Great Lakes Wine and Spirits, a Michigan wine distributor, is doling out free cases—of water. The recipients will be the beleaguered residents of Flint, the city whose water supply has been found to contain dangerous levels of lead. "The Flint community has supported Great Lakes Wine and Spirits for many years, and we are going to stand with Flint during this difficult time," said Lew Cooper III, co-CEO of Great Lakes Wines and Spirits, in a statement, and backed that up with more than 80,000 bottles of water.
The message from Erwan Faiveley, seventh-generation head of Burgundy's Domaine Faiveley, posted on Facebook one month ago, was succinct, even cryptic: "4,900 kms, 80 bottles of wine, 30 books, 0 internet. See you in February." The next day, the family's 55-foot-long, twin-masted yacht, Glenn IV, set sail from Gran Canaria, in the Canary Islands, on a three-week, carbon-free, trans-Atlantic crossing to Guadeloupe, a French Caribbean island.
The Glenn IV, (named for pianist Glenn Gould) was captained by Erwan's father, François, a veteran mariner. Three friends were also aboard as crew. The sailors dined like the good Burgundians that they are: "We baked fresh bread every morning, and had a good variety of poultry and cheeses, plus the fish that we managed to catch. The duty chef was Philippe Senard, owner of Domaine Comte Senard in Aloxe-Corton," Erwan told Unfiltered. Sadly, the stash of Burgundy wines that the sailors planned to bring along had to be left behind due to customs issues, so the crew drank red and white Rioja purchased on Gran Canaria. "To be honest, I was not very familiar with these wines," Erwan says. "My dad saw it as a great opportunity to broaden our taste."
The winter crossing was meant to avoid warm-season hurricanes. Still, the Glenn IV just managed to skirt around a fierce, unseasonable storm 200 miles south in the Azores. The voyage ended at Guadeloupe on Feb. 1, one day ahead of schedule. How did it feel to be cut off from the rest of the world for so long? "It was the greatest thing that happened to me over the last 20 years," insisted Erwan. "It's awesome to have no connections except to friends and books." Unfiltered caught up with Erwan in Paris, on his way home. "I'm dying to get back to Burgundy for dinner with friends," he said. "I'm looking forward to drinking a Chambertin, probably vintage 2007."
Ann Fitzpatrick Brown, the owner of Wine Spectator Grand Award–winning restaurant Blantyre in Lenox, Mass., passed away peacefully in her home, surrounded by family, on Jan 28. She was 66.
Fitzpatrick Brown was born in 1949 to Jack and Jane Fitzpatrick, and spent much of her youth in Stockbridge, Mass., where her family first planted its inn-keeping roots by purchasing the Red Lion Inn in 1968. In 1980, Jack and Jane purchased the abandoned estate that is now Blantyre and appointed their daughter to renovate it and convert it into a hotel. The Elizabethan-style manor, set on 117 acres of well-tended grounds in Lenox, was built in 1903 as a private residence in the heart of the Berkshires region. The Brown family envisioned that the property be restored to its former elegance, where guests could experience the life and service of a bygone era.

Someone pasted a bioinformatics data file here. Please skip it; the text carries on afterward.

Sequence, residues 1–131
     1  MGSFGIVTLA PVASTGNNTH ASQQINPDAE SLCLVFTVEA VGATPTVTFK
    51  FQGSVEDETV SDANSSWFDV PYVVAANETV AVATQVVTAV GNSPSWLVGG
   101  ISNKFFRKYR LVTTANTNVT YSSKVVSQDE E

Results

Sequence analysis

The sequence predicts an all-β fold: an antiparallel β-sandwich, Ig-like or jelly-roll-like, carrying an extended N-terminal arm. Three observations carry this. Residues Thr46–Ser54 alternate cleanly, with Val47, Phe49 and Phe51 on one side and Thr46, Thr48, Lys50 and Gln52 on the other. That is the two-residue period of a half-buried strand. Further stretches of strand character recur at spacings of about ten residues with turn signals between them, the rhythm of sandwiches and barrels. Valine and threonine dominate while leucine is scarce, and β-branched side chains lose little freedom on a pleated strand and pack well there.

After extensive renovations, Fitzpatrick Brown reopened Blantyre in 1981 as a seasonal summer retreat, according to her family’s vision. In 2000, she began work to fully winterize the property, and in 2005, Brown opened Blantyre as a year-round operation for the first time. At the time, the wine list offered 500 selections. Five years later, with the help of wine director Christelle Cotar and sommelier Luc Chevalier, Brown expanded the wine list to 2,400 selections, earning it the Grand Award in 2009, which it has held ever since.
Over her 35 years with the property, Fitzpatrick Brown’s work with the wine program was a labor of love. "Wine is an important part of Blantyre's future, both economically and emotionally," she said in 2009. Fitzpatrick Brown is survived by her son, Alexander Fitzpatrick Brown, a nephew, Casey Meade Rothstein-Fitzpatrick, her sister, Nancy J. Fitzpatrick, her Wheaton terrier, Sophie Jane Fitzpatrick Brown, and many friends and employees. Calling hours will be held from 3 to 5 p.m. at Blantyre on Sunday, Feb. 7.
Southern Wine & Spirits senior VP and president of its wine division Mel Dick has even more than Southern's recent merger with Glazer's to celebrate this year: Southern announced this week that in December, Dick was elevated from the title of Officier to the highest rank of Commandeur in France's Order of Agricultural Merit. (He was first named a knight of the order in 1984.) The well-decorated Dick has also been honored with France's Legion of Honor, in 2000, and was promoted to Officier de la Légion d'Honneur in 2010.